The “Pub” as we know it today, has become the heart of the English countryside, a reflection of casual attitude and fine breeding throughout the villages, towns and cities of Great Britain. Its rich history overflows with tales of invading armies, controlling royalty, religious rites, and hospitable alewives, while creating a tradition of fine brews known as English Brown Ales, Bitters and Mild Ales.
The first pubs in England were casual enclaves set up by the Romans over two thousand years ago. These “tabernae” displayed wine leaves around the perimeter of their doors, a primitive style of advertising that implied the serving of victuals, wine and local ale. As invaders came and went throughout the next centuries, the brewing of ale became a mastery of skill, due to the fondness for drinking exhibited by clansmen. These ales were brewed with malted barley, water and yeast, producing a sweet, yet powerful beverage that was prone to souring quickly. As brewers became more skilled, they developed brews with more “staying power” and passed these secrets on to their tightly-knit family units.
Traditionally, these ales were consumed at the house of the brewer – thus these homes became know as “alehouses” – and their chief brewers were “alewives.” These alewives had become so successful, that by the 7th century, Ethelbert, King of Kent, enacted laws to restrict the number of ale sellers within the region.
During the 10th century, regulations were placed on the size of the drinking vessel itself. Since drinking vessels were shared, the new law required that a “measure” of ale would be marked by a peg on the vessel. According to the law, the drinker was required to drink to the peg - then, pass it on. Occasionally, the drinker would imbibe beyond his measure, taking the next drinker “down a peg or two.”
As Christianity grew throughout the region, rituals involving drinking (similar to the pagan rituals they replaced) were adopted by the churches. Beer was brewed for church festivals or to raise money to fund Church projects. These brews became known as “scot ales.” As the levies on these ales increased with the ambitions of the church, a portion of the populace brewed in secret to divert these funds from the church treasury, thus the term “scot free” was developed.
As population and industry increased in England, the water supply became increasingly polluted, and ales became the only safe beverage. Alehouses captured a more permanent role – evolving into inns, taverns, and coach houses, each with a more specialized role in service to the public. The pubs remain as the hub of English society, providing centers for the gathering of associates, negotiating deals, celebrating successes, playing games, or relaxing in quiet ambience.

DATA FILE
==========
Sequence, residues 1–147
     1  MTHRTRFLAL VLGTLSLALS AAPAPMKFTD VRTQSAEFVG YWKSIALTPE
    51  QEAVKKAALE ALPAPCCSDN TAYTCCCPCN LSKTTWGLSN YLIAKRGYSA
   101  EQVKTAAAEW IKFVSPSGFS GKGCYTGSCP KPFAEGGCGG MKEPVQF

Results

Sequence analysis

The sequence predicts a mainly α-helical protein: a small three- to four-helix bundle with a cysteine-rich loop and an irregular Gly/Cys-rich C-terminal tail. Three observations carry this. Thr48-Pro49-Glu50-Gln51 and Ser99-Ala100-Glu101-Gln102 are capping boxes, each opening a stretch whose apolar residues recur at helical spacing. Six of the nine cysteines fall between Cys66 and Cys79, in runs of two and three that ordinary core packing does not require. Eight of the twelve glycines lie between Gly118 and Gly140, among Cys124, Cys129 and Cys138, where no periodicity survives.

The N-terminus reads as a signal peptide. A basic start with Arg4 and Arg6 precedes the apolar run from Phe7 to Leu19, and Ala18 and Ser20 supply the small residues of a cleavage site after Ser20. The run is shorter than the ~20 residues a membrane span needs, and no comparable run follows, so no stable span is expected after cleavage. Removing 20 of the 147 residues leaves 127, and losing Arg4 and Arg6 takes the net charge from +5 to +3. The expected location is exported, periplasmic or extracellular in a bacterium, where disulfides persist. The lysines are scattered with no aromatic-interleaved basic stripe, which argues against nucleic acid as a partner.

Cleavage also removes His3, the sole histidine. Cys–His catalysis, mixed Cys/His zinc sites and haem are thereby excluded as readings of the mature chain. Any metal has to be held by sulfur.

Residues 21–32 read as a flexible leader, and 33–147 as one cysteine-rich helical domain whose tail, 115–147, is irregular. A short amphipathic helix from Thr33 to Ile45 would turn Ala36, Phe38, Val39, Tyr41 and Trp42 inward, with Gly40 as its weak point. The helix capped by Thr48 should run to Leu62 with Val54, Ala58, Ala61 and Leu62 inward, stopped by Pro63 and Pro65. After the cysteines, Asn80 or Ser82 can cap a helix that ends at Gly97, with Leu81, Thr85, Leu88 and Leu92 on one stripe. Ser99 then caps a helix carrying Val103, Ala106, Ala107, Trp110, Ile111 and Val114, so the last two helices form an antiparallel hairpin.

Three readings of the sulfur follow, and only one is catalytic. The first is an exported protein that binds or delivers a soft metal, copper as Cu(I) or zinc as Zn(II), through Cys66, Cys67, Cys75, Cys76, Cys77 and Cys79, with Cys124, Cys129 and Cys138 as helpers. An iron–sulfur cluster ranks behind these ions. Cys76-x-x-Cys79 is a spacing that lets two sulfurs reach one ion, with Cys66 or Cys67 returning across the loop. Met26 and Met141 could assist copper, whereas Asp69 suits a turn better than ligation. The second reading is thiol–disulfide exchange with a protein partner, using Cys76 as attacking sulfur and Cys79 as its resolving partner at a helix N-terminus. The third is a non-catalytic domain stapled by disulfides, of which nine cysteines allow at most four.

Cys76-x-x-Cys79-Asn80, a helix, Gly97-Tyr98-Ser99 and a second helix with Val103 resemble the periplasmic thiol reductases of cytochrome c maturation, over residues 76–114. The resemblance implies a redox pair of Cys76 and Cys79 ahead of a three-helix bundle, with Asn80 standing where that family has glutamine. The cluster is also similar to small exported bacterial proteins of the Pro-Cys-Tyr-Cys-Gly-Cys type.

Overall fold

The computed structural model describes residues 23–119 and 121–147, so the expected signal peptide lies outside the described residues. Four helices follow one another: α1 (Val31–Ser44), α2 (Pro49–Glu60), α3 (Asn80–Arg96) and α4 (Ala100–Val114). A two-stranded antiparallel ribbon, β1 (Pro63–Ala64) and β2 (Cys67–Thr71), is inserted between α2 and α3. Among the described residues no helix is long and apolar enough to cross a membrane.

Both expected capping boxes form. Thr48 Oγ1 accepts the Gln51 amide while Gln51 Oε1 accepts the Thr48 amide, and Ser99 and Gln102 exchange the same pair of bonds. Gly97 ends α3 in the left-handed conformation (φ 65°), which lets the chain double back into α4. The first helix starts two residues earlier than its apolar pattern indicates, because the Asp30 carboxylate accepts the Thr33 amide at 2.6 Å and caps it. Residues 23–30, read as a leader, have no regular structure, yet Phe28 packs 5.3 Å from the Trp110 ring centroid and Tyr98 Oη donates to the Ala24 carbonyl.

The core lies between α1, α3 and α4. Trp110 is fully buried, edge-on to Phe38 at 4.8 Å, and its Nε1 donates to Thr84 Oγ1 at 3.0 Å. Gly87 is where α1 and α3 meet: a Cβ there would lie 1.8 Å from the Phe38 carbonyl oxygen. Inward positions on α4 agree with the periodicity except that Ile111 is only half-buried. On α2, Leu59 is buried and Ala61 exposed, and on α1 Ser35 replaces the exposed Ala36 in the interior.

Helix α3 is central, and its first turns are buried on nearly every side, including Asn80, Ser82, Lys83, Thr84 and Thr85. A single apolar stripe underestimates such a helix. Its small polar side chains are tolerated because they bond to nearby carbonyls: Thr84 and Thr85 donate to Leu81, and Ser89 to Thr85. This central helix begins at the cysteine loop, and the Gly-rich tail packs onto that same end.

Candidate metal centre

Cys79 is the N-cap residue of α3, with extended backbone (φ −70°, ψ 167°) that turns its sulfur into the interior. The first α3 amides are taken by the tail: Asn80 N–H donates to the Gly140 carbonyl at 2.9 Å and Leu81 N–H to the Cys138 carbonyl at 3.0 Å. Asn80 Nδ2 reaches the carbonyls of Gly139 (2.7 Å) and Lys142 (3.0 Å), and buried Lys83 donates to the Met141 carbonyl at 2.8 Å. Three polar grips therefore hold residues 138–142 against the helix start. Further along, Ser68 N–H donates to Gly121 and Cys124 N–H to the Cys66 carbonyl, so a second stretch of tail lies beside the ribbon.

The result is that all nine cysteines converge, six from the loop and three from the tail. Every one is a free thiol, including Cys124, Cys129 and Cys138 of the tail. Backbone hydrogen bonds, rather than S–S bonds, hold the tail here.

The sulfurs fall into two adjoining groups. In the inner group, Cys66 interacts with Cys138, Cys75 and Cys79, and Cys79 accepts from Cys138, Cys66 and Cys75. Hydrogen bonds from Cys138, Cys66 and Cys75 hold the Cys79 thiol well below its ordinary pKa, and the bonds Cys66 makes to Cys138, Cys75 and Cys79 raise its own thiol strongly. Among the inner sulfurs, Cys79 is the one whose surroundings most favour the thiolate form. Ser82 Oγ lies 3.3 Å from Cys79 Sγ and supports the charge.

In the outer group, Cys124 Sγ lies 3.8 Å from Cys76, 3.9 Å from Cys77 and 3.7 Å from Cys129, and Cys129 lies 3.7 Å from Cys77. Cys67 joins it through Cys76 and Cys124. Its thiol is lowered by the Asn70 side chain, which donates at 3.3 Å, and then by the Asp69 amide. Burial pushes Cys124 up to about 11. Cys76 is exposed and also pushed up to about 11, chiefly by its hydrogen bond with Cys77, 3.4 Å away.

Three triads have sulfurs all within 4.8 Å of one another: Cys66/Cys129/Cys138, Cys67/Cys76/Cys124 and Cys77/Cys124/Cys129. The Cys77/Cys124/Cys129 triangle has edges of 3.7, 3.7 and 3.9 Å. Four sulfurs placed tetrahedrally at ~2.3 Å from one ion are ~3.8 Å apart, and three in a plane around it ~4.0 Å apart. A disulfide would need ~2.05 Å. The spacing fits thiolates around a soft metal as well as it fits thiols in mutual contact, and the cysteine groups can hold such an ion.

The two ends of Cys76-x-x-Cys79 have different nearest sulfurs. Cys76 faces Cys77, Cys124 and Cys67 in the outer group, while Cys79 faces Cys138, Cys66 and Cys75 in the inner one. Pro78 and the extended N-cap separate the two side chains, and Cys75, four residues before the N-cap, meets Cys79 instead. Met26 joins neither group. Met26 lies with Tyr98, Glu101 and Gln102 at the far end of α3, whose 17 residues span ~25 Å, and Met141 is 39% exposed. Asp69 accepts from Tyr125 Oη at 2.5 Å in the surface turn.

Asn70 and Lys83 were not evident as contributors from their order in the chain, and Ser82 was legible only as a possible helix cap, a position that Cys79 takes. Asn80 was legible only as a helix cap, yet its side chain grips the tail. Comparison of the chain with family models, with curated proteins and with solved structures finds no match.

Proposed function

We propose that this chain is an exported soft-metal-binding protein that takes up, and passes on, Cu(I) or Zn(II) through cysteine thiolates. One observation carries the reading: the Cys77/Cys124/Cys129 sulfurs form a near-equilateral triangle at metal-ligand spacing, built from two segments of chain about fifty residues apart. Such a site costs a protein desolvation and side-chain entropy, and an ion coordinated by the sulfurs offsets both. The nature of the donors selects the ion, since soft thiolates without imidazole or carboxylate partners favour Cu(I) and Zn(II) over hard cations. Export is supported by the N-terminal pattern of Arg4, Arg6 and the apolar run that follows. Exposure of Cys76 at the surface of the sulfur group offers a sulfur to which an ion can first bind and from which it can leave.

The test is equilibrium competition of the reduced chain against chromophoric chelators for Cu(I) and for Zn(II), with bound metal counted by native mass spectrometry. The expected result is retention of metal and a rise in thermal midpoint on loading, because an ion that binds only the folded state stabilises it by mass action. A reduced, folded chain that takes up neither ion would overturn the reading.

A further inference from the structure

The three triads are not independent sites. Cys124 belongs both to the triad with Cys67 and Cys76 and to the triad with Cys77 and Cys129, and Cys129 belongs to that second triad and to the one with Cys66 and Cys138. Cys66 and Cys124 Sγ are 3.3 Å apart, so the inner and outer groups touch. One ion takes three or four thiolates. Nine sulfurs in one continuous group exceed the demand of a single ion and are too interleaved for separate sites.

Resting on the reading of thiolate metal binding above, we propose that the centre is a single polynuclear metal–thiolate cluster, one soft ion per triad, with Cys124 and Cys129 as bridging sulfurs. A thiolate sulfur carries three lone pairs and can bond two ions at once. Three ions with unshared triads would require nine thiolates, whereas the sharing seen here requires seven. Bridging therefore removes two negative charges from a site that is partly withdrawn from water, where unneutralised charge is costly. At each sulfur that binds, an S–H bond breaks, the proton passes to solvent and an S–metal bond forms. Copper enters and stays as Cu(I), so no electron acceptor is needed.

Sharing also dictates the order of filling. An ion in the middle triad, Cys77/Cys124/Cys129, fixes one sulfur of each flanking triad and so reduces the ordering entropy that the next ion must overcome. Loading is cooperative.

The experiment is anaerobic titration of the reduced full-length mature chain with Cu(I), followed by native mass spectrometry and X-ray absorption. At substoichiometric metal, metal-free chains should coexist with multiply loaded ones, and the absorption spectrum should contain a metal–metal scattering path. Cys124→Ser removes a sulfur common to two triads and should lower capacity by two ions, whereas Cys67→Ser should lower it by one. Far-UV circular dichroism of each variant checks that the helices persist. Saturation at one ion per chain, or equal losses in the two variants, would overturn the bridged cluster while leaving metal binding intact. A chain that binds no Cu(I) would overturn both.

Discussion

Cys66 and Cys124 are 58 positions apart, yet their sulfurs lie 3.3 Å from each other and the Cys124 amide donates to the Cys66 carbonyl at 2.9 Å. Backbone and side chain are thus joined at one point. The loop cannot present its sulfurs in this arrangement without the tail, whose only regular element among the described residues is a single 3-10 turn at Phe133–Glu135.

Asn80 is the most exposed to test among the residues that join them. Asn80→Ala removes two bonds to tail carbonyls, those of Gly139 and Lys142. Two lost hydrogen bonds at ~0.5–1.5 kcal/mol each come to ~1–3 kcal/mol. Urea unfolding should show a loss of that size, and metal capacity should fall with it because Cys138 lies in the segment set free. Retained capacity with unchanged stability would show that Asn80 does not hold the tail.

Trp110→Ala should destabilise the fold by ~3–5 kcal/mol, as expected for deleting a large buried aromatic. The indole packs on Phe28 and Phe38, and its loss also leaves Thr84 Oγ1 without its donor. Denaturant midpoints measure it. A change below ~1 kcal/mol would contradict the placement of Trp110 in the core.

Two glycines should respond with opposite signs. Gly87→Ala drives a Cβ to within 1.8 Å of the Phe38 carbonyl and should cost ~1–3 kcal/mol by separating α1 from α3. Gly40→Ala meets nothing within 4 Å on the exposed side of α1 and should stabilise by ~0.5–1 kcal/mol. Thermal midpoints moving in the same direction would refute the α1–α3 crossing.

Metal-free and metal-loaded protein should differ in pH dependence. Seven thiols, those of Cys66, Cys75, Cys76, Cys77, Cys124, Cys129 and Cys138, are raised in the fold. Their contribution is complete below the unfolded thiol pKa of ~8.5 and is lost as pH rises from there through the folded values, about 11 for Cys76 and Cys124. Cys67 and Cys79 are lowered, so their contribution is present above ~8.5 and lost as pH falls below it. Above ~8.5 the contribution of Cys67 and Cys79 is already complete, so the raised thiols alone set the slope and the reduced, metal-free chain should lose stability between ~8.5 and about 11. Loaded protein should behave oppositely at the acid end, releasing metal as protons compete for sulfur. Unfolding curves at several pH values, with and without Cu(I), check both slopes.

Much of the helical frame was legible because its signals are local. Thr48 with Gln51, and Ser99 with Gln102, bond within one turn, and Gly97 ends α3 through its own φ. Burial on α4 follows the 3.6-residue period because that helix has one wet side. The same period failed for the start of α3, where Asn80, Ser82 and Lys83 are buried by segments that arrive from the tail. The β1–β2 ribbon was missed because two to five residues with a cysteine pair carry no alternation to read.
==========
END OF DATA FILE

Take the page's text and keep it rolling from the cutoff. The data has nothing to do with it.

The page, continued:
What might you expect in an English-style Ale?
Mild Ale is considered the traditional style of brew. This style is characterized by darker tones, with a sweet malty palate and subtle hoppiness. These are “session beers,” providing full flavor and low alcohol content (3.5% ABV).
Bitters are the English specialty. It is important to note that in England, “Bitters” refers to a trademarked name and style, while in the United States, it is a style of beer. The name implies that this is “standard ale” or “session beer.” Hues glow from deep gold to shining copper, and are light to medium-bodied with a fruitiness that is accented by the seductive aroma of hops. It is not particularly bitter, as the name might imply. Although English ESB or Extra-Special Bitter is full-bodied, it is not as assertive as the American ESBs that are brewed using the highest quality domestic hops.
English-Style Brown Ale is more closely defined by the region from which it springs. In Northern England, particularly in Tadcaster and Newcastle, these ales are medium bodied with hues of mahogany-brown. They are accented by nuttiness and malt, with a supple fruitiness, almost devoid of bitterness. Highly drinkable, they max out at about 5% ABV.